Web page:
The U.S. monthly goods and service trade deficit in March surged by the greatest amount since December, 1996, to its highest level since October, 2008 – just after the collapse of Lehman Brothers and the height of the financial crisis. The jump was keyed by the biggest monthly import surge on record.
Just as important, as Congress continued debating President Obama’s request for new trade negotiating authority, the real trade deficit heavily influenced by trade deals – like the President’s proposed Trans-Pacific Partnership (TPP) – hit its highest monthly level, too, and this increase has cut inflation-adjusted growth during the feeble recovery by nearly 20 percent.
Here are selected highlights of the latest monthly (March) trade balance figures released this morning by the Census Bureau:
>The combined goods and services trade deficit skyrocketed by 43.12 percent in March, from an upwardly adjusted $35.89 billion to $51.37 billion. This monthly increase, the biggest since December, 1996, was fueled by the biggest (7.71 percent) overall import surge on record – from an upwardly revised $222.09 billion to $239.21 billion.
>Exports rose as well in March, but only by 0.88 percent. The huge disparity between export growth and import growth in the wake of the West Coast ports labor agreement indicates how lopsided U.S. trade flows remain.
>Just as disturbing, as Congress’ debate over President Obama’s trade agenda heats up, the new trade data show that the portion of U.S. trade flows most strongly influenced by trade deals and related policies – in non-oil goods – shattered its old monthly record for deficits in inflation-adjusted terms. The new total of $62.55 billion eclipsed the previous $51.43 billion mark, set in January, by 21.62 percent.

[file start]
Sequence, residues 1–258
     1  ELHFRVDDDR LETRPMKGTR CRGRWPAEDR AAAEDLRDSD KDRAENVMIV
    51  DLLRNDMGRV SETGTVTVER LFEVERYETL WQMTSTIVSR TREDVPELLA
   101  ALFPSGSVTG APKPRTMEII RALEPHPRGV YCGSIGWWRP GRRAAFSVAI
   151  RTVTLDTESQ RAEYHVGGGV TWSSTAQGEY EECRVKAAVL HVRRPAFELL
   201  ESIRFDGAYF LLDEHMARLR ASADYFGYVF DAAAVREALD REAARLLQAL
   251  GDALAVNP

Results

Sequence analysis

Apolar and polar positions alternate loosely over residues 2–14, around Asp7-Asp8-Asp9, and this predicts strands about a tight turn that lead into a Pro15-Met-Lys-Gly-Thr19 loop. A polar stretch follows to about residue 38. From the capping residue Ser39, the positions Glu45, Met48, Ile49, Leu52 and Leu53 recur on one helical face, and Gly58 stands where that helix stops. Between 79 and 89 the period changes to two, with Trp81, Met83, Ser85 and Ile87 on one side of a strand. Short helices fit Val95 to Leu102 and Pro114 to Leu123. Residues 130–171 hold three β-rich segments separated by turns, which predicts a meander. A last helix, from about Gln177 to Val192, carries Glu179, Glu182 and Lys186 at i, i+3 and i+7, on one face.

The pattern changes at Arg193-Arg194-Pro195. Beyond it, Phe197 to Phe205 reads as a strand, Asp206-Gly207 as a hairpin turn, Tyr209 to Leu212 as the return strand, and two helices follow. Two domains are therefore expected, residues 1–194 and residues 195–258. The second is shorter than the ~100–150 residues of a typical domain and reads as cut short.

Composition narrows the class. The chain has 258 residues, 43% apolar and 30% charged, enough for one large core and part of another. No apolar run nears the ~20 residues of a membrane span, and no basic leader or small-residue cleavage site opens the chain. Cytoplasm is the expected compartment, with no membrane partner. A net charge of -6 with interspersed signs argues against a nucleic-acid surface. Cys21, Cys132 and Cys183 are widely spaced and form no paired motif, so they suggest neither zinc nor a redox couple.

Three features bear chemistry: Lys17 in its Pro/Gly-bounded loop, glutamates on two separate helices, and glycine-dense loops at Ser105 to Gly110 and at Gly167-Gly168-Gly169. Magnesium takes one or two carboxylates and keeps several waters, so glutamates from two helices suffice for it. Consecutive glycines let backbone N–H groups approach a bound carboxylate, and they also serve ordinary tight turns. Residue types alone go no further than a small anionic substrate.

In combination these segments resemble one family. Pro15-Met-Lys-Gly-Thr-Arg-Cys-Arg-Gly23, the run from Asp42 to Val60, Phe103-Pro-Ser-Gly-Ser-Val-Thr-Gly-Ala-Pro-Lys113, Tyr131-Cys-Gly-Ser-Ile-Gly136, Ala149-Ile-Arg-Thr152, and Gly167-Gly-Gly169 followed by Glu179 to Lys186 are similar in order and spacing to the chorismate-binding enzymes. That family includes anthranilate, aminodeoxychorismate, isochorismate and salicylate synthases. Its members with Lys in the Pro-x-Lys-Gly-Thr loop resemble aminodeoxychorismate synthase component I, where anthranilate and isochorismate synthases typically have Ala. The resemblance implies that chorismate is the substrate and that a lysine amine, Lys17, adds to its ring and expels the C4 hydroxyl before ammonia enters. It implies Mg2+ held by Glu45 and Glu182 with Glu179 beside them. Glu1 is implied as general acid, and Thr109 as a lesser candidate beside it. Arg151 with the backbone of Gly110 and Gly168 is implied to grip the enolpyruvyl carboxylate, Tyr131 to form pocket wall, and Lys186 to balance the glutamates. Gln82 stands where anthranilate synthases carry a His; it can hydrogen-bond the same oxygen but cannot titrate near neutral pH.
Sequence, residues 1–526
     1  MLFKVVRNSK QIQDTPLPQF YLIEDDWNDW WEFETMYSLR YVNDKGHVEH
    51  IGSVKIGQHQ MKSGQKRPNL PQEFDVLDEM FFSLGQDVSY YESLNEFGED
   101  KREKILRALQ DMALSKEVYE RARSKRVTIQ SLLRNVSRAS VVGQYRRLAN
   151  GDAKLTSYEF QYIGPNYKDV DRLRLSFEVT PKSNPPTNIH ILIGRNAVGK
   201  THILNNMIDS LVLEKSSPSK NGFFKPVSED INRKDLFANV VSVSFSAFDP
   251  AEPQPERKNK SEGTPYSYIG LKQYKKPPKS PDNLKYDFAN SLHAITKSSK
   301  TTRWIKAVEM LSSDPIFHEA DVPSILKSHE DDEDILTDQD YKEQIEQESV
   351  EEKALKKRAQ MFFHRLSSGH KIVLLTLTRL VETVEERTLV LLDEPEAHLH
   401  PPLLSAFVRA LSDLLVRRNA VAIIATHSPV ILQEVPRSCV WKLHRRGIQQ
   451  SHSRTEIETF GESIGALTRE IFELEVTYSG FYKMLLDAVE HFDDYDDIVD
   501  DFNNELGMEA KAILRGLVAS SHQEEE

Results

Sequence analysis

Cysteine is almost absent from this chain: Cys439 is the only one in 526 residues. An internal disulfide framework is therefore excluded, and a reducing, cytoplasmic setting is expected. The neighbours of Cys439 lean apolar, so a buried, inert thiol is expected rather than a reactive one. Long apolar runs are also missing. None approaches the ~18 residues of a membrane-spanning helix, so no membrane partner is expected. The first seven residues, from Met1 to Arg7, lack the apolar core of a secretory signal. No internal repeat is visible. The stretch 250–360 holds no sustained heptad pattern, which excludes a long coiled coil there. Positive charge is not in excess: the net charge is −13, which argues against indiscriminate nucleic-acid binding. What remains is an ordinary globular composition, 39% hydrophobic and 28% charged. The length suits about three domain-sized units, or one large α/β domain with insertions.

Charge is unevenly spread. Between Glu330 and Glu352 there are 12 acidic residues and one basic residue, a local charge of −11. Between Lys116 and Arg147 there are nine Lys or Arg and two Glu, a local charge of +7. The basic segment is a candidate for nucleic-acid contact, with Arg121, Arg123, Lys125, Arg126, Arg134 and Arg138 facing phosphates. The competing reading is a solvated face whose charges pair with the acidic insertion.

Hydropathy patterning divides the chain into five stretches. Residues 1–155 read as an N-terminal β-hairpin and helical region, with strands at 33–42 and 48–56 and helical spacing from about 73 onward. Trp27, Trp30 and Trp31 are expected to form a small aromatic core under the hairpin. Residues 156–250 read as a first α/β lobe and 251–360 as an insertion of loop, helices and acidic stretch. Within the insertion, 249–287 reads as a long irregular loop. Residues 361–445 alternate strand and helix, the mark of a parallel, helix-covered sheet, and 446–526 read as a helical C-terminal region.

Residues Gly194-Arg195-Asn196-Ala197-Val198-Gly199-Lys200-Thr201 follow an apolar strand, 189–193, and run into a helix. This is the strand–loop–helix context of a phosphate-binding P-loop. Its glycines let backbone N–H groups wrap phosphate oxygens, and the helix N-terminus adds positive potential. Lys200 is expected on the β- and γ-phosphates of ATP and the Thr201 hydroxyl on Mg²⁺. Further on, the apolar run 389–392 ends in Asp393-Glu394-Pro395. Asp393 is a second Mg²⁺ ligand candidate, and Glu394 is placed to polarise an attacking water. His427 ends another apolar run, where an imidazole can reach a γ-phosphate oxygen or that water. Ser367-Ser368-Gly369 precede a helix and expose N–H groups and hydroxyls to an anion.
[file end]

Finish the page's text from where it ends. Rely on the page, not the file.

>Since rising trade balances subtract from economic growth, the increase in this real non-oil goods deficit has now cut cumulative U.S. economic growth after inflation by a stunning 19.49 percent since the recovery technically began in mid-2009.
>The March trade figures also revealed a new monthly record deficit in manufacturing. The $71.96 billion shortfall topped the previous all-time high – last October’s $71.22 billion – by 1.04 percent.
>Thanks in part to the gradual restoration of full service at West Coast ports, March manufacturing exports rose on month by 15.39 percent. But the much larger amount of imports soared by an even greater 23.80 percent.
>The manufacturing trade deficit is now running 22.04 percent ahead of 2014’s record level.
>Other noteworthy March trade results included the first $7 billion-plus monthly merchandise trade deficit with TPP country Japan since March, 2012, and a 33.17 percent increase in the goods trade shortfall with Korea – whose recent trade deal with the United States is the administration’s model for the TPP.
>Since the Korea agreement went into effect, also in March, 2012, the goods trade deficit with Korea has nearly quadrupled on a monthly basis, from $564.2 million to $2.2 billion.